"Five dollars," he added, "if you make it in five minutes."

An astonished horse, roused from a droop-eared lethargy, was yanked almost
by main strength out of the cab-rank and into the middle of the Avenue.
Before he could recover, the long whip-lash had leaped out over the roof
of the vehicle, and he found himself stretching away up the Avenue on a
dead run.

Yet to Maitland the pace seemed deadly slow. He fidgeted on the seat in an
agony of impatience, a dozen times feeling in his waistcoat pocket for his
latch-keys. They were there, and his fingers itched to use them.

By the lights streaking past he knew that their pace was furious, and was
haunted by a fear lest it should bring the police about his ears. At
Twenty-ninth Street, indeed, a dreaming policeman, startled by the uproar,
emerged hastily from the sheltering gloom of a store-entrance, shouted
after the cabby an inarticulate question, and, getting no response,
unsheathed his night-stick and loped up the Avenue in pursuit, making the
locust sing upon the pavement at every jump.

In the cab, Maitland, turning to watch through the rear peep-hole, was
thrown violently against the side as the hansom rocketed on one wheel into
his street. Recovering, he seized the dashboard and gathered himself
together, ready to spring the instant the vehicle paused in its headlong

Through the cabby's misunderstanding of the address, in all likelihood,
the horse was reined in on its haunches some three houses distant from the
apartment building. Maitland found himself sprawling on his hands and
knees on the sidewalk, picked himself up, shouting "You'll wait?" to the
driver, and sprinted madly the few yards separating him from his own front
door, keys ready in hand.

Simultaneously the half-winded policeman lumbered around the Fifth Avenue
corner, and a man, detaching himself from the shadows of a neighboring
doorway, began to trot loutishly across the street, evidently with the
intention of intercepting Maitland at the door.

He was hardly quick enough. Maitland did not even see him. The door
slammed in the man's face, and he, panting harshly, rapped out an
imprecation and began a frantic assault on the push-button marked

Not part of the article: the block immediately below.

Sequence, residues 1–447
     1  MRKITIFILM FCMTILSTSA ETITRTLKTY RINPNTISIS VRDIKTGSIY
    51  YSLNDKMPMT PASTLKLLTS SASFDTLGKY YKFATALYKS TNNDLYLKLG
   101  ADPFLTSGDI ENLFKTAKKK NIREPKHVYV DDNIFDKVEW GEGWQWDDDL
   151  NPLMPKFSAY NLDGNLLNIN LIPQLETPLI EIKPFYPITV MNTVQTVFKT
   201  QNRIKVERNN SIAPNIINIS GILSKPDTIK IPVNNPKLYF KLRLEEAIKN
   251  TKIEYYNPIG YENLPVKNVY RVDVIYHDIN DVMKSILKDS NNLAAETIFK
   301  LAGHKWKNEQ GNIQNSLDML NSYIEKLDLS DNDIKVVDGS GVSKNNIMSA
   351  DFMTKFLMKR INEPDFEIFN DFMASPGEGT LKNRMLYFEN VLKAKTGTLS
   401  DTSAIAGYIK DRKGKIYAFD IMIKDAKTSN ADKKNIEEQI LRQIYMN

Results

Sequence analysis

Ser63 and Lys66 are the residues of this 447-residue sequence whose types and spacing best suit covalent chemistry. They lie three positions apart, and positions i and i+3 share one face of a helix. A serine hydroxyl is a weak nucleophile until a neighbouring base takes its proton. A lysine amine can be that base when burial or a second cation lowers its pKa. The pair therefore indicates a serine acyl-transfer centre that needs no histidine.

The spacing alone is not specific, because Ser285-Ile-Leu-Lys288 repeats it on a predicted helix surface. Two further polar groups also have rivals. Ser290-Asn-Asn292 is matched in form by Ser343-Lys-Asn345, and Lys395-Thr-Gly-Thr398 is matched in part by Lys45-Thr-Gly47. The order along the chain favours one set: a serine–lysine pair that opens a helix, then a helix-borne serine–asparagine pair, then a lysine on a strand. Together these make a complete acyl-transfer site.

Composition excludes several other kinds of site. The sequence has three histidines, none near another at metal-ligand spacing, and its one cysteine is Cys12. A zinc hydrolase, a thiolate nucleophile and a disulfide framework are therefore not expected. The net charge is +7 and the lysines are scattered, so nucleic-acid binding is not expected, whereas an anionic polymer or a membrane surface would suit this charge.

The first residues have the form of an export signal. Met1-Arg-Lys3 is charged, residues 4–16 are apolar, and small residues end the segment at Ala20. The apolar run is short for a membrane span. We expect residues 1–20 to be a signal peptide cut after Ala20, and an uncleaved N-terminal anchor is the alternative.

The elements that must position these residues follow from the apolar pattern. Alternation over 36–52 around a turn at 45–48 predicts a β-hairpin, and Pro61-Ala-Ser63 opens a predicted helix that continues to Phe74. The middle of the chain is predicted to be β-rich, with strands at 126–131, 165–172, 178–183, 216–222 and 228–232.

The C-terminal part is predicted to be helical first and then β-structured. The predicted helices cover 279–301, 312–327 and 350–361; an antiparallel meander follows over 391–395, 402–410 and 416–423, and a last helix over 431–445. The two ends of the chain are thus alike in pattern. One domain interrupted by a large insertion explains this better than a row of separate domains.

As for Maitland, he was taking the stairs three at a clip, and had his
pass-key in the latch almost as soon as his feet touched the first
landing. An instant later he thrust the door open and blundered blindly
into the pitch-darkness of his study.

For a thought he stood bewildered and dismayed by the absence of light. He
had thought, somehow, to find the gas-jets flaring. The atmosphere was hot
and foul with the odor of kerosene, the blackness filled with strange
sounds and mysterious moving shapes. A grunting gasp came to his ears, and
then the silence and the night alike were split by a report, accompanied
by a streak of orange flame shooting ceilingward from the middle of the

Its light, transient as it was, gave him some inkling of the situation.
Unthinkingly he flung himself forward, ready to grapple with that which
first should meet his hands. Something soft and yielding brushed against
his shoulder, and subconsciously, in the auto-hypnosis of his excitement,
he was aware of a man's voice cursing and a woman's cry of triumph
trailing off into a wail of pain.

On the instant he found himself at grips with the marauder. For a moment
both swayed, dazed by the shock of collision. Then Maitland got a footing
on the carpet and put forth his strength; the other gave way, slipped, and
went to his knees. Maitland's hands found his throat, fingers sinking deep
into flesh as he bore the fellow backward. A match flared noiselessly and
the gas blazed overhead. A cry of astonishment choked in his throat as he
recognized his own features duplicated in the face of the man whose throat
he was slowly and relentlessly constricting. Anisty! He had not thought of
him or connected him with the sounds that had thrilled and alarmed him
over the telephone wire coming out of the void and blackness of night.
Indeed, he had hardly thought any coherent thing about the matter. The
ring of the girl's "No!" had startled him, and he had somehow thought,
vaguely, that O'Hagan had surprised her in the flat. But more than

He glanced swiftly aside at the girl standing still beneath the
chandelier, the match in one hand burning toward her finger-tips, in the
other Anisty's revolver. Their eyes met, and in hers the light of gladness
leaped and fell like a living flame, then died, to be replaced by a look
of entreaty and prayer so moving that his heart in its unselfish chivalry
went out to her.

Who or what she was, howsoever damning the evidence against her, he would
believe against belief, shield her to the end at whatever hazard to
himself, whatever cost to his fortunes. Love is unreasoning and
unreasonable even when unrecognized.

His senses seemed to vibrate with redoubled activity, to become abnormally
acute. For the first time he was conscious of the imperative clamor of the
electric bell in O'Hagan's quarters, as well as of the janitor's rich
brogue voicing his indignation as he opened the basement door and prepared
to ascend. Instantly the cause of the disturbance flashed upon him.

His strangle-hold on Anisty relaxed, he released the man, and, brows
knitted with the concentration of his thoughts, he stepped back and over
to the girl, lifting her hand and gently taking the revolver from her

Below, O'Hagan was parleying through the closed door with the late
callers. Maitland could have blessed his hot-headed Irish stupidity for
the delay he was causing.

Already Anisty was on his feet again, blind with rage and crouching as if
ready to spring, only restrained by the sight of his own revolver, steady
and threatening in Maitland's hand.

For the least part of a second the young man hesitated, choosing his way.
Then, resolved, in accents of determination, "Stand up, you hound!" he
cried. "Back to the wall there!" and thrust the weapon under the burglar's